American employers added a robust 292,000 jobs in December, suggesting that the U.S. economy is so far defying global weakness and growing solidly.
The strong figures underscore the resilience of the United States at a time of financial turmoil stemming from China's slowing economy and plummeting stock market. Most economists expect U.S. consumer spending to continue to offset overseas weakness, though many foresee only modest U.S. growth.
In its monthly jobs report Friday, the Labor Department said the unemployment rate remained 5 percent in December for a third straight month. More Americans started looking for jobs and succeeded in finding them.
The government also said employers added a combined 50,000 more jobs in October and November than it had previously estimated. For the July-September quarter, hiring averaged 284,000 a month — the best three-month pace in a year.
U.S. stock futures, which had been up sharply before the jobs report was released, rose further afterward.
"The economy is reflected most strongly in the jobs numbers — and it's doing OK, maybe better than OK," said David Berson, chief economist at Nationwide Insurance.
Payroll growth surged in December after stronger job gains the prior two months, capping the second-best year for American workers since 1999 and further evidence of a resilient job market that prompted the Federal Reserve to raise interest rates.
For all of 2015, employers added 2.65 million jobs, a monthly average of 221,000. That made 2015 the second-best year for hiring since 1999, after 2014's gain of 3.2 million jobs.
"2015 went out with a megabang," says Patrick O'Keefe, director of economic research at the accounting and consulting firm CohnReznick. "It speaks to the underlying strength of the domestic economy. The United State is intertwined with the international economy but to a far lesser degree than many other countries."
O'Keefe noted that global trade accounts for only about 30 percent of U.S. economic activity, one of the lowest such percentages in the world.
Even as demand for workers grew, average hourly pay slipped a penny in December to $25.24 an hour. Still, average pay has risen 2.5 percent in the past year, only the second time since the Great Recession ended in mid-2009 that it has reached that level. At the same time, pay growth remains below the roughly 3.5 percent pace typical of a healthy economy.
Last month, the percentage of adults with jobs rose for a second straight month, though it remains below pre-recession levels. And many of the new jobs were in higher-paying industries: Construction added 45,000, health care nearly 53,000. Professional and business services, which includes accountants, engineers, and architects as well as lower-paid temporary workers, added 73,000 positions.
For months, U.S. employers have hired steadily even as global growth has flagged and financial markets have sunk. Stronger customer demand has given most businesses confidence to hire even though some sectors — notably manufacturing and oil and gas drilling — are struggling.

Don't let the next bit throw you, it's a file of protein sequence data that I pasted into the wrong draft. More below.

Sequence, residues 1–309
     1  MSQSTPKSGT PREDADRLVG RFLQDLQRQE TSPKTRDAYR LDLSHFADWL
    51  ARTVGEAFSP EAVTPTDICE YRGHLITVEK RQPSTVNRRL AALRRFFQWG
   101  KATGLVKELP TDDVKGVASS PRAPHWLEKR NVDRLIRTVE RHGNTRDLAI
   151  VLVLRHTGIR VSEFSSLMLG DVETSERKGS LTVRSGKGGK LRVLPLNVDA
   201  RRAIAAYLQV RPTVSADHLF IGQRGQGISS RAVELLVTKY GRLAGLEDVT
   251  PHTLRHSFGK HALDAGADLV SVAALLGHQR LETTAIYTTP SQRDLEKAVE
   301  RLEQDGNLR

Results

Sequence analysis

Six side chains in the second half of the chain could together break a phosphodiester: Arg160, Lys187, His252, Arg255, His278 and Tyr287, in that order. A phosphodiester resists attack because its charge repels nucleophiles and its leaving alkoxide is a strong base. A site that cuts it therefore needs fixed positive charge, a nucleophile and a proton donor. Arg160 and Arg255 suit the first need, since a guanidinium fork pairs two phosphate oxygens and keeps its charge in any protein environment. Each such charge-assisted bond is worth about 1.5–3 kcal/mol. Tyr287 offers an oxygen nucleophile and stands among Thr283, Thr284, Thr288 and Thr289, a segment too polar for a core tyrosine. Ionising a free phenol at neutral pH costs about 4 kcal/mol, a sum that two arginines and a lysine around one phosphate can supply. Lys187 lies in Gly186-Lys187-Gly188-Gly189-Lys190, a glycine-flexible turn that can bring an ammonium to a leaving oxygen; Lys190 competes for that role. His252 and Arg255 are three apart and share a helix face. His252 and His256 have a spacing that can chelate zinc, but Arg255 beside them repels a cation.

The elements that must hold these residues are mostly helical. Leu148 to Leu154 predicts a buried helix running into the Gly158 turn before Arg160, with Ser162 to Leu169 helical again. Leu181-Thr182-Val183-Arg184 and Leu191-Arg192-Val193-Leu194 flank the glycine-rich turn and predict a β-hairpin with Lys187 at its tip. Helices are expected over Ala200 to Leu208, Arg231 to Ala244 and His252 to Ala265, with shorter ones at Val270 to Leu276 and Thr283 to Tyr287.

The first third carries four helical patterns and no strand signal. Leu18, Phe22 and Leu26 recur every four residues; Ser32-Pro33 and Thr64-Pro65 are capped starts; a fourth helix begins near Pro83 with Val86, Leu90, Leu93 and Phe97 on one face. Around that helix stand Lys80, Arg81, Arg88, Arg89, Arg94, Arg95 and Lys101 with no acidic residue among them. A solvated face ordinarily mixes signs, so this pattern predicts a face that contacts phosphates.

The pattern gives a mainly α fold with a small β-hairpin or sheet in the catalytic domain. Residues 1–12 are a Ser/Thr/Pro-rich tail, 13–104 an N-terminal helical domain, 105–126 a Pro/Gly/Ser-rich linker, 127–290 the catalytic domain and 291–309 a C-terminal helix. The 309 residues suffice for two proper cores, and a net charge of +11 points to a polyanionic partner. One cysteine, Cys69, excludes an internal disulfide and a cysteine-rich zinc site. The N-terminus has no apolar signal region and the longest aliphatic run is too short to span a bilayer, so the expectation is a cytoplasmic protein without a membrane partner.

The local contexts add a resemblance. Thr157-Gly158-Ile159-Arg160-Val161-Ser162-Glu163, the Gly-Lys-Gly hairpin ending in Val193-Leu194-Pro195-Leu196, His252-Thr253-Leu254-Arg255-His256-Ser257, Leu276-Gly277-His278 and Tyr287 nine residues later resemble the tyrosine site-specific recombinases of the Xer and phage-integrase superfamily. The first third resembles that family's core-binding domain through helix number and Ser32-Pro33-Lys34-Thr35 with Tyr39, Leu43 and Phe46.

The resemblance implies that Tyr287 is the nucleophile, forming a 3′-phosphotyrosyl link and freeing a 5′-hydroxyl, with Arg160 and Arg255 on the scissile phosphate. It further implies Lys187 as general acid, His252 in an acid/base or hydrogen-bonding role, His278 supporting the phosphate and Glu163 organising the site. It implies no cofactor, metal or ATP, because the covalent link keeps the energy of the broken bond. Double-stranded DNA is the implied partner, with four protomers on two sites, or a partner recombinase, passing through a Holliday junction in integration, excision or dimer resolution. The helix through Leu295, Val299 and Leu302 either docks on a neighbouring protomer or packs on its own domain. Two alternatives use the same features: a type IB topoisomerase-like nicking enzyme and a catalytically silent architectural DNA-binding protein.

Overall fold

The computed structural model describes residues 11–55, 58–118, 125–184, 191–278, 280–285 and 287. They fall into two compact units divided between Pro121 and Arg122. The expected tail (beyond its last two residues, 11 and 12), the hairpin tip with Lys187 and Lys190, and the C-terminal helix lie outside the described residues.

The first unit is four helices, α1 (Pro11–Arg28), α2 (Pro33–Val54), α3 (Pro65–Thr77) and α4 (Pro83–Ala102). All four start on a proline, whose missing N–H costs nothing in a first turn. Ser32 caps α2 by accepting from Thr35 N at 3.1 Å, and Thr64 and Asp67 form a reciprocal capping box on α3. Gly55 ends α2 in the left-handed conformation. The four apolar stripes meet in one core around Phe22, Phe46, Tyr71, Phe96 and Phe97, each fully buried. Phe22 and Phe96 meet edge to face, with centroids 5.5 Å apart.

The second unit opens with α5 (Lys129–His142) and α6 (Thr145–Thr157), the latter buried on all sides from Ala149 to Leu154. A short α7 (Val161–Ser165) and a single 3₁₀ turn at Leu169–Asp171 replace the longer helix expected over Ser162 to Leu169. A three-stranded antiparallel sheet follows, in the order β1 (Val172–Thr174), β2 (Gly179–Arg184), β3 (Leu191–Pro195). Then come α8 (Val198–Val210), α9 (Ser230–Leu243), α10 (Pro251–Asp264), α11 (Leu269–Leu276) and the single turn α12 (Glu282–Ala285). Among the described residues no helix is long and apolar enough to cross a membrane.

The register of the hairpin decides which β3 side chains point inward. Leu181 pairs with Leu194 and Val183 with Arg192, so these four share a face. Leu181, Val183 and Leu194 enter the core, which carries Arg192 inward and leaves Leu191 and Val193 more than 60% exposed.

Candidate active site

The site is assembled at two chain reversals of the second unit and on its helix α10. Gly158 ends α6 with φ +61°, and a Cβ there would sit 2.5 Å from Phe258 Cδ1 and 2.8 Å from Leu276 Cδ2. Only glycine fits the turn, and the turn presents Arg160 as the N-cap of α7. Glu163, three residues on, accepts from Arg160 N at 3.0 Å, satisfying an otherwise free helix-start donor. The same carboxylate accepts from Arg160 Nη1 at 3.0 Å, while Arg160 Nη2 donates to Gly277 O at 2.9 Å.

Still, stumbling growth in countries like China, the world's second-largest economy, and financial market turmoil might pose long-term challenges for the U.S. economy. A strong dollar and faltering global growth have already cut into exports of factory goods.
The dollar has climbed about 10 percent in value in the past year compared with overseas currencies. That has made U.S. goods more expensive globally while lowering the price of imported products.
In November, exports fell to their lowest level in nearly four years and shaved about 0.6 percentage point from the economy's growth in 2015, according to Goldman Sachs. Most analysts estimate that the economy expanded at a modest pace 2.5 percent last year.
Another blow to manufacturing has been oil prices, which fell to their lowest level in 12 years Thursday. Oil and gas drillers have responded by slashing payrolls and sharply cutting spending on steel pipes and other drilling equipment.
Manufacturing added 30,000 jobs last year, a marked decline from 2014. Yet it makes up just 10 percent of the U.S. economy and oil and gas drilling even less.
For now, Americans are confident enough to buy more homes. Sales of newly built homes jumped nearly 15 percent in 2015 and helped spur building and construction hiring: Construction companies added 215,000 jobs last year, a 3.4 percent gain.
In another sign of consumer health, auto sales rose to a record high last year as cheap gas and low interest rates led to booming sales of SUVs and pickup trucks.
Lower gas prices may have hurt the oil patch, but they should benefit consumers by cutting their gas bills.
Chris Christopher, an economist at IHS, a forecasting firm, estimates that American households saved, on average, $722 last year from cheaper gas. He expects them to save an additional $217 in 2016 given the continuing drop in oil prices.
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